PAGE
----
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24 still missing, presumed dead in Peru crash


In this story:

May 7, 1998
Web posted at: 11:09 p.m. EDT (0309 GMT)

LIMA, Peru (CNN) -- Rescuers searching a swampy Amazon jungle Thursday following an air crash near a remote oil camp were not expected to find any more survivors, according to the Occidental Petroleum Corp.

"Given the time which has passed, the chances of finding more survivors are considered remote," the U.S.-based company said in a news release. It added that three of the 13 survivors were in critical but stable condition.

Fifty bodies have been found, and with the official death toll at 74 on Thursday, authorities said there was little hope of finding more survivors among the 24 people still unaccounted for.

Medical teams were delayed more than a day in reaching the site where a 15-year-old Peruvian air force Boeing 737 chartered by Occidental crashed at 9:30 p.m. Tuesday as it tried to land at the camp near the Ecuadorean border. There were 79 Occidental workers and subcontractors aboard, and eight crew.

The survivors had to be carried on stretchers Wednesday in pouring rain to a medical post in Andoas, several hundred miles north of Lima, because the weather prevented their evacuation by helicopter.

The weather cleared enough on Thursday for the first Peruvian air force rescue plane -- also a Boeing 737 -- to fly to the Andoas base, carrying a medical team, crash experts and police investigators.

Occidental officials
Occidental executives gather in Lima for a news conference  

Visibility may have been poor

The plane then flew the survivors south to Lima where they were rushed by ambulance to an air force hospital. The dead were due to be shuttled to the jungle city of Iquitos, where most of them lived.

"I want to beg with my whole heart for them to find my uncle, even if it's only a piece of him," said a weeping relative at Lima airport. "I want to see him. Until I see him, I can't be at peace."

Many of the bodies found tossed among wreckage strewn over a wide area of swampy jungle were badly burned, according to a local radio reporter who reached the crash site.

"There are human remains around the jungle and bits of wrecked plane over an area about 400 meters (yards) square," the reporter said.

The reporter was near Andoas by chance when the jet crashed, and made a difficult river journey over the three miles (five kilometers) to the disaster site in a hovercraft.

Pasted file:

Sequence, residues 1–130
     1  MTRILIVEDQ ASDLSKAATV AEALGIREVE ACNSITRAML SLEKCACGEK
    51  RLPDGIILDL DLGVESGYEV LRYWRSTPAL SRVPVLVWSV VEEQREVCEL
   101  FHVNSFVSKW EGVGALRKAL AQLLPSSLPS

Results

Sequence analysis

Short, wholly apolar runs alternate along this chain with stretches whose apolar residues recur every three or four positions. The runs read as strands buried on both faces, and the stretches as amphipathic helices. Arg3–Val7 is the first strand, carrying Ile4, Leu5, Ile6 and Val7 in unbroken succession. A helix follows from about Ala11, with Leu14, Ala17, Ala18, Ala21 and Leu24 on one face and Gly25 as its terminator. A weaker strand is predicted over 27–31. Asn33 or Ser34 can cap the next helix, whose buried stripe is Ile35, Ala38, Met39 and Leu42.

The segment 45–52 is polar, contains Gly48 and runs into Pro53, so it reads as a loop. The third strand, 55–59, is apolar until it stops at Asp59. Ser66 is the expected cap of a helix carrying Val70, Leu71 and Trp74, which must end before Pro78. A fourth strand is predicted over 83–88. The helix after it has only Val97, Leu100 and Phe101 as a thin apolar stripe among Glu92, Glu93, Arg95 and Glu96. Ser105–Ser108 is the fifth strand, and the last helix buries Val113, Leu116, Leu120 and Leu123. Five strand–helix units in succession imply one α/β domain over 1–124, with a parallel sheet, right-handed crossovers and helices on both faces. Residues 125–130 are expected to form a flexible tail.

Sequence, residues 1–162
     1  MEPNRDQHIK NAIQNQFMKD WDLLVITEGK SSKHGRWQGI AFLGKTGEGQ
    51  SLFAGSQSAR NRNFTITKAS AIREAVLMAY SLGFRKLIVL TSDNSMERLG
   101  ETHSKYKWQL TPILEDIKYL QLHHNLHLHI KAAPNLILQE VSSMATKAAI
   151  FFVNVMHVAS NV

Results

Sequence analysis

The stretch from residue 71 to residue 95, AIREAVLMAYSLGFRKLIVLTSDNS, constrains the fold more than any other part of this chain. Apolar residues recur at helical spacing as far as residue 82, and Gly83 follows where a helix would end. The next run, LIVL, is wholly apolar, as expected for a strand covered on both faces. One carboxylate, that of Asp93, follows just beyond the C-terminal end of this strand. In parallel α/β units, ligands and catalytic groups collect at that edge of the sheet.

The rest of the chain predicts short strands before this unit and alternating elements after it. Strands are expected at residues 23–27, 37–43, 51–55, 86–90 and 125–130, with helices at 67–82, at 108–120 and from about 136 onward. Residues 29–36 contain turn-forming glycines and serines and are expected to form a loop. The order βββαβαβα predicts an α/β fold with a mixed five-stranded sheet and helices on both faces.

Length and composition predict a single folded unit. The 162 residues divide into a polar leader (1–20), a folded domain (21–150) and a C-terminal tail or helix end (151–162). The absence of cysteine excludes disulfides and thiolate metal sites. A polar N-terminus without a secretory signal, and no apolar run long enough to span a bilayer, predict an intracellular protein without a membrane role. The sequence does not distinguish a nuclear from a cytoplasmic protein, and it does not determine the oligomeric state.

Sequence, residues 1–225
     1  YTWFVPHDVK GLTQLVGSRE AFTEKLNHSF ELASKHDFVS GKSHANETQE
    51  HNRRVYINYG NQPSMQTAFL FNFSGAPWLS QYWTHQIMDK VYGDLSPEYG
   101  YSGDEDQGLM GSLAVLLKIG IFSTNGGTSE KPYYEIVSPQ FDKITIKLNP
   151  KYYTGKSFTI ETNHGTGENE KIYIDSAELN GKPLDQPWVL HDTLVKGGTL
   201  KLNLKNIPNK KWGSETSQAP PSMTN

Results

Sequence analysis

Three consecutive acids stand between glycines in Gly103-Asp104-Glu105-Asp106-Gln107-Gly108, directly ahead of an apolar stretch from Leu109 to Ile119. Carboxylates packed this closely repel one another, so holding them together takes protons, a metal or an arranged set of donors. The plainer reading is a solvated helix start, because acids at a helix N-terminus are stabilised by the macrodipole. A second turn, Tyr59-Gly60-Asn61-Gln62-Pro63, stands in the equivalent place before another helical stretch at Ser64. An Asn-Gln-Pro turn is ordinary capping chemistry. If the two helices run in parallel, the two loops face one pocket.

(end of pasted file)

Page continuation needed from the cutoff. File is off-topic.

The cause of the accident has not been determined, but witnesses were quoted in local newspapers as saying the pilot circled the air strip and was approaching from a different direction in an effort to avoid oil storage tanks sitting on the runway.

Occidental officials have said a light rain was falling at the time of the crash, but witnesses in Andoas told reporters heavy rain made visibility poor.

emergency room
Military police officers guard the entrance to the emergency room at an air force hospital in Lima  

2nd Peruvian crash in 6 weeks

Rain and fog prevented Occidental rescue teams from reaching the site for five hours after the crash. They quickly found 12 survivors, some of them well enough to walk, but hours of searching yielded only one more survivor among the wreckage.

"At about one o'clock in the afternoon, they found a completely disoriented man walking through the jungle," Occidental official Jose Diaz said.

Diaz did not know whether investigators had been able to find the plane's flight recorder, the "black box" which might explain the cause of the accident.

The lone American aboard the plane, engineer Harold Whitehead, was not among those rescued, Occidental officials said. Whitehead worked for the Peruvian engineering company Grana y Montero, and his family lives in the Amazon river port of Iquitos.

The plane burst into flames after crashing, and witnesses told reporters by radio that the fuselage was smashed to pieces.

It was the second accident for the Peruvian air force in just over a month. A Ukrainian-built twin-engine Antonov An-32 crashed into a shanty town on March 29, killing at least 25 people and severely injuring 20 more.

Flight log 'not particularly high'

In Seattle, Boeing said the jet's log of 23,000 flights and 37,000 flight hours was "not particularly high" for a plane of that age. The air force acquired the jet just weeks ago.

Peru's air force has a contract to fly Occidental personnel three times a week into Andoas. The disaster was the first time in 20 years that Occidental -- Peru's largest oil producer -- has suffered an accident with a fixed wing aircraft in Peru.

Reuters contributed to this report.


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